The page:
I thought I would add to this, as I am 18 months into a house renovation.
To give some perspective, my house has had in the last 18 months:
* new roof (some slates re-used, but all the wood and felt etc replaced)
* all render removed, and re-rendered
* all internal plaster removed and replastered.
* all the ceilings replaced
* all wallplates replaced
* any wood that touches any outside wall replaced
* couple of hundred lintels installed (all external windows, and most of the internal ones)
* all bar 3 windows replaced
* drains replaced
* new boiler
So just carpets and curtains left ......
Pro's: are you can buy somewhere you could never afford, and you know all the good and bad bits.
Con's: and there are a lot
1. Kiss goodbye to your bike, and your free time. Renovating a house takes a lot of time, and any free time you have you will use buying and sourcing materials.
2. Buy decent protective gear, as coughing up shit from dust/fumes isn't nice.
3. Allow at least 10% more than you think for budget if you know what you are looking at, if you don't double your budget and add a bit.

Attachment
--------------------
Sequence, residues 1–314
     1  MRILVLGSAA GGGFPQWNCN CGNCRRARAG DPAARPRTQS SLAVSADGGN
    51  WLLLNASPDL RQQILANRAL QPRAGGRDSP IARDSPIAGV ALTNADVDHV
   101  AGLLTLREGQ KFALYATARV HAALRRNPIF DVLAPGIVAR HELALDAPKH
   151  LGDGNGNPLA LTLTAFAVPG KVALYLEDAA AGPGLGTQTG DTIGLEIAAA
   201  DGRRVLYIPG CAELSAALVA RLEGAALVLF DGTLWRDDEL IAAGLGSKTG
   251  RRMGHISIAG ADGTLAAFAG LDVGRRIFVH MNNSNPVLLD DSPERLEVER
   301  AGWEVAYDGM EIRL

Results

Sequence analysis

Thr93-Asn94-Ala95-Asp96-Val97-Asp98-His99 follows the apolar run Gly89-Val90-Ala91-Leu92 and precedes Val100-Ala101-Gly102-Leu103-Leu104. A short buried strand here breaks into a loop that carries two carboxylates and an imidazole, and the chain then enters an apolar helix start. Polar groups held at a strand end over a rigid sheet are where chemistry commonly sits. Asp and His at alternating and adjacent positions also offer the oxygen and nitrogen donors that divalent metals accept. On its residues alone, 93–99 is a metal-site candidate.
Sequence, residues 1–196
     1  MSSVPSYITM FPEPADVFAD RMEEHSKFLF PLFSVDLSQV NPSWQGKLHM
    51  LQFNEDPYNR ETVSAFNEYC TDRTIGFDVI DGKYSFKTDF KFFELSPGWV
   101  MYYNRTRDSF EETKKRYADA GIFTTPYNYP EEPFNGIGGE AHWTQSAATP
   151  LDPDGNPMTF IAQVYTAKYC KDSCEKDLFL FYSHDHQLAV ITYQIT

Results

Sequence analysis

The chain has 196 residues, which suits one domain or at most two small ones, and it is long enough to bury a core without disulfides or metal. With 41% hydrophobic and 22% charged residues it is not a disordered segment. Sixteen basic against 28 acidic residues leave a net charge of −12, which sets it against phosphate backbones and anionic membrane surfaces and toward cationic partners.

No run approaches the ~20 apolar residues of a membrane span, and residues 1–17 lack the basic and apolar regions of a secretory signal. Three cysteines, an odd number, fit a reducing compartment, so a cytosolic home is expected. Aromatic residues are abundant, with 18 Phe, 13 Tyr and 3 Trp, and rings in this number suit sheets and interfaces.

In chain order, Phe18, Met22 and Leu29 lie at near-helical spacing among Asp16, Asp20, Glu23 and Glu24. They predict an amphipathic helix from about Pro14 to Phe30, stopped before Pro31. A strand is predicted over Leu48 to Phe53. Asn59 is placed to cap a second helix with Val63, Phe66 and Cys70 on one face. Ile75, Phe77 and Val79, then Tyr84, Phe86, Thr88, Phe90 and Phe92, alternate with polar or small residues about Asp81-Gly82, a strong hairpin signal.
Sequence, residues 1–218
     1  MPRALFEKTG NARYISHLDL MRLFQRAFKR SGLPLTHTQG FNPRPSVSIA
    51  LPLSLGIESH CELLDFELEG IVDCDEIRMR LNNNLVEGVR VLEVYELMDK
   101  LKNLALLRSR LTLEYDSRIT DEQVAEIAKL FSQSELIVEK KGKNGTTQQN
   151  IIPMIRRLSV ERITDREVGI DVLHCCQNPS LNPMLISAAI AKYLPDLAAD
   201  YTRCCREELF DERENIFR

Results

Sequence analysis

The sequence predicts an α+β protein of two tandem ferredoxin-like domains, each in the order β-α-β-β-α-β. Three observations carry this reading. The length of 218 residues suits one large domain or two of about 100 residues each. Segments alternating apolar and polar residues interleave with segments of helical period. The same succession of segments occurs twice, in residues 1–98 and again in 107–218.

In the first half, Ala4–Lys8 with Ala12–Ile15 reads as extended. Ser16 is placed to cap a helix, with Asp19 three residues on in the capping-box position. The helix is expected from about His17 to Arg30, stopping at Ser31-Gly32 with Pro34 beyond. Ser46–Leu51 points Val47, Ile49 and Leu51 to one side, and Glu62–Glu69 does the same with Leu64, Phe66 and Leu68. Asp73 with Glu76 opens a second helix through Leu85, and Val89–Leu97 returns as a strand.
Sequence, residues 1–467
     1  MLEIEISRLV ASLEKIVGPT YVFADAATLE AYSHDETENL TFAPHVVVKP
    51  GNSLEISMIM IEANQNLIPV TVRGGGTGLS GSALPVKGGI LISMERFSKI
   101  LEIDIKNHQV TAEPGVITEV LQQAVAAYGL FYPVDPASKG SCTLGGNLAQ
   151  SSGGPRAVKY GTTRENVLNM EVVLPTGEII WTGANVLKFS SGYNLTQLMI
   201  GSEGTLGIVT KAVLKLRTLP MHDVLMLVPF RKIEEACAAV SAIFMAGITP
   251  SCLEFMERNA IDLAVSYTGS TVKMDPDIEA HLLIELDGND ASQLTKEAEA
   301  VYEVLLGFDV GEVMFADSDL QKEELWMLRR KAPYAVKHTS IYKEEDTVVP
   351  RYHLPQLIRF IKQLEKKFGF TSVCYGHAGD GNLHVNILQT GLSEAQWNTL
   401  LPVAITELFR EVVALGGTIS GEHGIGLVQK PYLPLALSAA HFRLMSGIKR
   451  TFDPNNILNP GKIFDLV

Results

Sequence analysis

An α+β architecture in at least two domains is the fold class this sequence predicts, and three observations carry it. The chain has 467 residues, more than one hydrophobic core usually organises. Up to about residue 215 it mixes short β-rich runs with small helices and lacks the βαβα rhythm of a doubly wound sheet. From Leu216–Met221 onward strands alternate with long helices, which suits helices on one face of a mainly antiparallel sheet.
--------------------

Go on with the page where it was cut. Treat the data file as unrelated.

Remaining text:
4. Get a decent survey, and if possible go around the house with them. As you need to check they actually get into the roof to look around.
5. A lot of builders are crooks, so you need to learn to spot the dodgy ones (I've sacked 4 people so far, as lots talk a good game but can't actually do the job) .
6. Day rate is bad, if you can't be around when builders are working.
7. Dust, whilst you can live in a building site, it will destroy all your stuff (I ended up living in a tent last summer, because it was so bad)
8. Rubble, you will be amazed how much rubble you will generate and it's expensive to get rid of.
9. Sand and Cement ...... if its an old house (1930's or older) and its got sand and cement on the outside walk away. Most builders say its fine, however I know from experience (last two houses had the same problem) that while builders think its fine, that's because they are used to sand and cement, and its cheap and easy to work with (its rock hard 24 hours later, not like lime) and they don't care what happens in 20 years time. However it you have an old house, it its been sand and cement rendered you are going to have a lot of rotten wood and damp inside the house; which is *very* expensive to fix.
Before you start this, do you know any builders? As if you are buying a derelict house you will need to know some good ones. As whilst people can say you can DIY it; having your house collapse on you because you don't know what you are doing would be bad!
Also you need to bear in mind, that if anyone breaks into your house whilst its being worked on and hurts themselves you can be sued, so I had to screw shut doors every evening and install security cameras.
So if you aren't happy with the cons look for something that is tired, rather than derelict.